[Class Sha in Class Gaff]
Often when people come to an opening night there’s an air of anticipation. But the opening of Billy Elliot was even more electric because we were coming to see a new theatre. Billy Elliot is exactly the right sort of spectacle to launch the ASB Waterfront Theatre and to show off this magnificent space.
From the moment we got there people were admiring, commenting and showing a childlike curiosity while exploring the brand new premises. The theatre itself feels spaciously open, yet simultaneously intimately cosy and plush.
It was only when we were comfortably seated that our attention was focussed on the show at hand. The moment the curtains were raised we were treated to Tracy Grant Lord’s dramatic set, with all its brick and tile character – instantly capturing the look and feel of a Northern English mining town.
The setting is the eve of the coal miners’ strike and much is made of Maggie Thatcher and her polarizing policies that led to the year-long strike forming the backdrop to the show.
Through the main protagonist, Billy Elliot’s mining family, we learn of the hardship that has been faced by Billy (Jaxson Cook) and his older gruff brother Tony (Jack Barry), following the death of their mother (Lana Macfarlane), and their father, Jackie Elliot’s (Stephen Lovatt) efforts to cope with two very different boys and their eccentric and possibly senile grandmother (Rima Te Wiata).
Billy is packed off to boxing class, run and hilariously portrayed by Andrew Grainger who was in perfect form as the foul-mouthed and carelessly violent George. Billy’s ‘ineptness’ makes him the only punching bag on stage. He’s intrigued by the ballet class being taught afterwards by the washed up wannabe dancer Mrs Wilkinson (Jodie Dorday), whose world-weary teaching style would be very familiar to many.
And so the scene is set.
In sublime and stark contrast the opening number is brilliantly executed to establish the increasing tension between miners and police. Likewise Billy’s secret passion and often reluctant draw to dance is totally believable as a tonic and release from the strife at the pit and at home.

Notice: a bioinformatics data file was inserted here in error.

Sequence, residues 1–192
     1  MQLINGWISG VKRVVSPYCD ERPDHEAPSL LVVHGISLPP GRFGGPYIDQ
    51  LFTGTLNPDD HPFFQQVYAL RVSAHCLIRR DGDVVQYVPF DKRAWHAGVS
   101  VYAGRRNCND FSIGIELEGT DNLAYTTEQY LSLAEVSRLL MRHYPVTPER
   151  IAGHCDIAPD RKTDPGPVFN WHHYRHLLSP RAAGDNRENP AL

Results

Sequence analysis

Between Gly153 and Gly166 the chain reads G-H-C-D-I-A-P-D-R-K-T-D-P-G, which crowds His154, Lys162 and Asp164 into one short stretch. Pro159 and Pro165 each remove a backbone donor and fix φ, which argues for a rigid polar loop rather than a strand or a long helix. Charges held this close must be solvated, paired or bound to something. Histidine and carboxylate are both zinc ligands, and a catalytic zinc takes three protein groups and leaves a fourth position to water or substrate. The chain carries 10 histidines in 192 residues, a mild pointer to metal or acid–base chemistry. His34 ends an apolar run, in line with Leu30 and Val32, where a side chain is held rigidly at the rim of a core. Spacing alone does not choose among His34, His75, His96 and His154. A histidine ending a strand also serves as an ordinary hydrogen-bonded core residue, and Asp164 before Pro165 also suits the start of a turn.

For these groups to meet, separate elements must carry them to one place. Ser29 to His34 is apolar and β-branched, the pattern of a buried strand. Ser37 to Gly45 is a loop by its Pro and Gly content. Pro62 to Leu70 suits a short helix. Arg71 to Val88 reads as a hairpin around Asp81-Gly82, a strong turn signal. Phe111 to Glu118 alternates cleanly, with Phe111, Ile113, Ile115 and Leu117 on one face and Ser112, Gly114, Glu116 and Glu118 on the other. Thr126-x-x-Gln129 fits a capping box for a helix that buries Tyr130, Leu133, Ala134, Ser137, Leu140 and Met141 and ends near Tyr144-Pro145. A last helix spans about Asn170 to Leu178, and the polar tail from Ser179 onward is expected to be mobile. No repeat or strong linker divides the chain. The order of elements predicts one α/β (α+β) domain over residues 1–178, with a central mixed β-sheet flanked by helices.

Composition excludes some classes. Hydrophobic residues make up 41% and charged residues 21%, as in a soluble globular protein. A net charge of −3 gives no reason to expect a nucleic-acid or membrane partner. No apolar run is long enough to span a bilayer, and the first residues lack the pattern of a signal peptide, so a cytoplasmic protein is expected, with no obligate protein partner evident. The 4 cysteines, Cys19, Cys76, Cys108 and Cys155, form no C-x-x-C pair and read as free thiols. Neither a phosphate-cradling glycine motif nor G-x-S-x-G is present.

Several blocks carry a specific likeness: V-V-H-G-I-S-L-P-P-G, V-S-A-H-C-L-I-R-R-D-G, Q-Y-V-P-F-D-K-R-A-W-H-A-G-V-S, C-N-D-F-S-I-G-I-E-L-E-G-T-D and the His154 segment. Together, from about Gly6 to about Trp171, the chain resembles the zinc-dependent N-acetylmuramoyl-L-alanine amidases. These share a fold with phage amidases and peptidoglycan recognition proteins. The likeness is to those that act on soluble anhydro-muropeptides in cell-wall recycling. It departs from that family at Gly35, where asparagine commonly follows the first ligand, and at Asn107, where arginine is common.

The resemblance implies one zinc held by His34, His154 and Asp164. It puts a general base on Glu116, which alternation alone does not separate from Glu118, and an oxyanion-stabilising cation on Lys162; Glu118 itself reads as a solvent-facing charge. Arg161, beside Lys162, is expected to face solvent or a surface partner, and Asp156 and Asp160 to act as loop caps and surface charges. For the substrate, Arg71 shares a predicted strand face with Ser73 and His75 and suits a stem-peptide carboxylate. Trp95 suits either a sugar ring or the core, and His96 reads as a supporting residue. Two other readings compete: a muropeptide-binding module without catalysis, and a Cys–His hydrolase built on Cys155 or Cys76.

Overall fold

Te Wiata’s Grandma character was a crowd favourite from the get-go. That was evident by the way they erupted into applause after she sang Grandma’s Song.
Malia Johnston’s choreography of the cast is outstanding with many intricate set pieces from the ballet class and the high energy fight scenes between police and miners conveying both personal relationships and wry social commentary. You couldn’t help appreciating the angst and hardship that the miners were experiencing along with the frustration that the constables were feeling both through the fabulously synchronised dancing as well as amazing singing. The uncanny parallels between the two warring parties is ironically and dramatically portrayed in their violent confrontation during the song Solidarity, thanks to fight choreographer Alexander Holloway.
An absolute highlight was the relationship between Billy and his freethinking, gender-fluid best friend Michael (Stanley Reedy). Played with beautiful innocence and thought-provoking pragmatism, the relationship between the two characters speaks volumes in their charming poignant scenes. A personal favourite was the duet Expressing Yourself which Cook and Reedy perform with absolute panache, further accentuated by Richie Cesan’s fabulous tap choreography. All I can say about the ‘other dancers’ on stage is that they were an absolute spectacle that will remain engrained in my memory for a very long time (let’s just say seeing is believing).
Billy’s new found home and happiness in dance is amusingly and poignantly revealed through the interaction between Mrs Wilkinson and her piano accompanist Mr Braithwaite (Jeremy Birchall) particularly in We Were Born to Boogie featuring skipping ropes (reminiscent of a childhood fascination) where his quirky antics left the audience in stitches just before the interval.